Unfortunately, the colonial past of the USA and Canada means that African American and indigenous people have little trust in their governments. For good reason they fear they might be taken advantage of because that has happened so often in the past. This is a stark reminder of the legacy of exploitation on the basis of race in both countries. The consequences of that racism are long, sinewy and durable.
In the US one incident stands out. That relates to 40 years of deadly experimentation at Tuskegee by Alabama scientists saturated with the dominant ideology of the time–white supremacy. Those experiments bred suspicion–justifiable suspicion. Those suspicions are now haunting the United States many decades later when it needs the trust of everyone–including African Americans.
It is well-known that historically people of colour have been taken advantage of during health emergencies. The African American men of Tuskegee Alabama were one group that was shamelessly exploited men.
More than 40 years ago scientists got the idea that they would like to “observe the natural history of syphilis.” They wanted to use subjects that were completely unaware that they were involved in an experiment as otherwise the data might be contaminated. Well, the data was clean; the minds of the experimenters were not.
To keep the minds of the subjects uncompromised, the experimenters thought it would be reasonable to lie to their subjects about what was going on. The subjects thought they were being treated for blood problems. Actually, they had syphilis and were not being treated for blood problems or even for the life-threatening illness they did not know they had.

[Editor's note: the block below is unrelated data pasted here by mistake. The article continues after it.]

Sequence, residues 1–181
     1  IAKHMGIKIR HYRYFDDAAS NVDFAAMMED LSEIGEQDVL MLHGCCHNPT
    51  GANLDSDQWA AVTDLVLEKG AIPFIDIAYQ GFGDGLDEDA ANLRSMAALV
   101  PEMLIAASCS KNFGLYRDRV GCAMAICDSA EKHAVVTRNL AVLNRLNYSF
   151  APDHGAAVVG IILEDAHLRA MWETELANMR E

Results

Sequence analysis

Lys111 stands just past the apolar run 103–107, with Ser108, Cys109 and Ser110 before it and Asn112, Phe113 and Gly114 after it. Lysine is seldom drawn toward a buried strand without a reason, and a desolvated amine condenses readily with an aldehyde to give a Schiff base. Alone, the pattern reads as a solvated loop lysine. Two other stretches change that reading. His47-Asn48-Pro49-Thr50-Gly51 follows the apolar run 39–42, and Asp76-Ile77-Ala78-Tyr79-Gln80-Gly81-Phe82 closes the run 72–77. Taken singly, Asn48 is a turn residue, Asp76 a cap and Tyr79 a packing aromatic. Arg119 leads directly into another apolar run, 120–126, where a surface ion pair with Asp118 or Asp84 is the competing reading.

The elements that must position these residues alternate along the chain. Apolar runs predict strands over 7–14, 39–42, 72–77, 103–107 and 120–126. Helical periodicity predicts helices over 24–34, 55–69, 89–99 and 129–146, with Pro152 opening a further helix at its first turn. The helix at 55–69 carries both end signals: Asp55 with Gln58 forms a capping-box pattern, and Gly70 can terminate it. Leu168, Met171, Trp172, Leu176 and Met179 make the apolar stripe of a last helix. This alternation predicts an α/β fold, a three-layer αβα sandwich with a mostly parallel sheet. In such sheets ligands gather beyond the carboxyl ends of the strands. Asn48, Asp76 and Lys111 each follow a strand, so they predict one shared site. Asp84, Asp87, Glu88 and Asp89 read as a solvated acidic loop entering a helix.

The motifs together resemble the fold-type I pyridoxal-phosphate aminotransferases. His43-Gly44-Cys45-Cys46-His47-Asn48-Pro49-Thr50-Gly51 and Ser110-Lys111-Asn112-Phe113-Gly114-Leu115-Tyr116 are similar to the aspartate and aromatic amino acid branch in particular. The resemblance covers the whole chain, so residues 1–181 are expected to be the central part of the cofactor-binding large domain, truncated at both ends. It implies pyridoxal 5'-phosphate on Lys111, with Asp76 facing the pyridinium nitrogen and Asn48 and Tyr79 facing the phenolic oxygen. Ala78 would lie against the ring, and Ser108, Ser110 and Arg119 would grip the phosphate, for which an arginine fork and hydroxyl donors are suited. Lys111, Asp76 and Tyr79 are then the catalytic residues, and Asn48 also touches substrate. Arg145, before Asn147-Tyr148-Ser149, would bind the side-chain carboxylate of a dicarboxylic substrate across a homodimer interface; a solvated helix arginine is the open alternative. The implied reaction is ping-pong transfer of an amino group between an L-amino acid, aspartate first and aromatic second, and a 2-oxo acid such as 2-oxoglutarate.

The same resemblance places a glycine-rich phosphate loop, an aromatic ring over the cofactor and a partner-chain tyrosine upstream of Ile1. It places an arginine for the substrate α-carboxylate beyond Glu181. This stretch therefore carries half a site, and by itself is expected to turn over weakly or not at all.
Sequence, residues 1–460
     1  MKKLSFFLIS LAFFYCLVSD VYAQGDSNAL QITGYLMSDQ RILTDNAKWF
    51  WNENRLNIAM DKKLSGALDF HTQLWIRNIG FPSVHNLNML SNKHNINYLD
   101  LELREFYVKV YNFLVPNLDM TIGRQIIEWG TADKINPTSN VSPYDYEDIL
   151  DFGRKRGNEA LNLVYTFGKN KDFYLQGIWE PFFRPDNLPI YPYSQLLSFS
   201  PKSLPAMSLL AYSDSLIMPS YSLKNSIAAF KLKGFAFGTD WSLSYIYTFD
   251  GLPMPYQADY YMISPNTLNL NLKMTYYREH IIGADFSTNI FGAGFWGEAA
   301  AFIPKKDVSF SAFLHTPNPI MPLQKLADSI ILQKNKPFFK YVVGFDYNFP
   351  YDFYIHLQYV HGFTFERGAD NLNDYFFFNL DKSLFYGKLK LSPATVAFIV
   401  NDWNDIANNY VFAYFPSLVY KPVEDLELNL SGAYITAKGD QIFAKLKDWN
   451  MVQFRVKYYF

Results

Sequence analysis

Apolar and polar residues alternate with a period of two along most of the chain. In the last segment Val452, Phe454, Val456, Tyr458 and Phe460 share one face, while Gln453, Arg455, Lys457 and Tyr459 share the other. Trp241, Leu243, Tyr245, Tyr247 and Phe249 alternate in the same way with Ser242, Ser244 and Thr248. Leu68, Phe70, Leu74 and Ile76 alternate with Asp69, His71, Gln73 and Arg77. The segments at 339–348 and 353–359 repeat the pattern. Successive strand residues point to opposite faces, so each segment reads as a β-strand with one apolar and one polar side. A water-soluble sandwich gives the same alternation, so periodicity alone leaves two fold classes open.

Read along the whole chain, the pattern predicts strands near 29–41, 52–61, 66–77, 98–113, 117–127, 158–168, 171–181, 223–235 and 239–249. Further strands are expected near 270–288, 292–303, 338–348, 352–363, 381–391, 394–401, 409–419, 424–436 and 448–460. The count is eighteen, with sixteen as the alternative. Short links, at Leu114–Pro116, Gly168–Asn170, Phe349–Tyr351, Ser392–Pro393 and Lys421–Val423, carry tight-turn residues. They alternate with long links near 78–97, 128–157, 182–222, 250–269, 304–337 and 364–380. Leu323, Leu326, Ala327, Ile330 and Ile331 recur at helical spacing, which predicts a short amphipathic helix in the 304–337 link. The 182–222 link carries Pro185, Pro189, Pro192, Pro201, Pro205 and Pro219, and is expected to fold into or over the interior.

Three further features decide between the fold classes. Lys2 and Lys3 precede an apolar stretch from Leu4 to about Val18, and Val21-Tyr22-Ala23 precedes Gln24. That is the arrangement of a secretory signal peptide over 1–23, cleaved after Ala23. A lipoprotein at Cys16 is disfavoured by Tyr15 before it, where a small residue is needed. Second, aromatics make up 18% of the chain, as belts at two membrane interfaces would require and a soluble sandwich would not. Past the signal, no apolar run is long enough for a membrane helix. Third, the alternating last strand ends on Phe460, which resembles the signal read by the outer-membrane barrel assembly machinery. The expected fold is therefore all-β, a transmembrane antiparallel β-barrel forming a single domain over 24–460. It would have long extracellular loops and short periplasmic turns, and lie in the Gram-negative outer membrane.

These experiments were not conducted by some shady medical operatives. They were conducted by the United States Public Health Service (USPHS). It was an offshoot of the government! As Ada McVean explained, “Even after penicillin was discovered as a safe and reliable cure for syphilis, the majority of men did not receive it.”
Here is the really horrific fact. As McVean said,
“Multiple times throughout the experiment researchers actively worked to ensure that their subjects did not receive treatment for syphilis.”
Actually, the researchers took active steps to prevent participants from getting treatment that could have saved their lives.
Most of us have heard of experiments Nazis conducted on prisoners of war and in the death camps. Those prisoners had no choice. They were the victims of a totalitarian state. How much better off were the African Americans?
Eventually there was huge outrage across America. A Class action lawsuit was launched, as it should. In 1974, after I had already been in Law School for nearly 3 years, to put the time into context, Congress passed a law that scientists would be required to obtain informed consent from all subjects, even African Americans.
Yet, as I said, the legacy of exploitation is long and hard. That history is part of the reason that African Americans are reluctant to take vaccines even when their physicians or friends recommend them. And now the United States desperately needs the cooperation of African Americans. If insufficient numbers elect to take the vaccines the United States will not attain herd immunity and then the virus will continue to spread among the unvaccinated communities and, perhaps, even affect those who have been vaccinated, if the virus continues to mutate and evolve to achieve victory over the vaccines. This poses a real risk to all Americans! Sometimes the effects of historic injustices can be felt through the generations.
McVean summarized the problem this way:
“We know all about evil Nazis who experimented on prisoners. We condemn the scientists in Marvel movies who carry out tests on prisoners of war. But we’d do well to remember that America has also used its own people as lab rats. Yet to this day, no one has been prosecuted for their role in dooming 399 men to syphilis.”
This is why historic injustices require truth and reconciliation. That is a lesson the United States has not learned. Canada claims to have learned, it but I am not sure they have.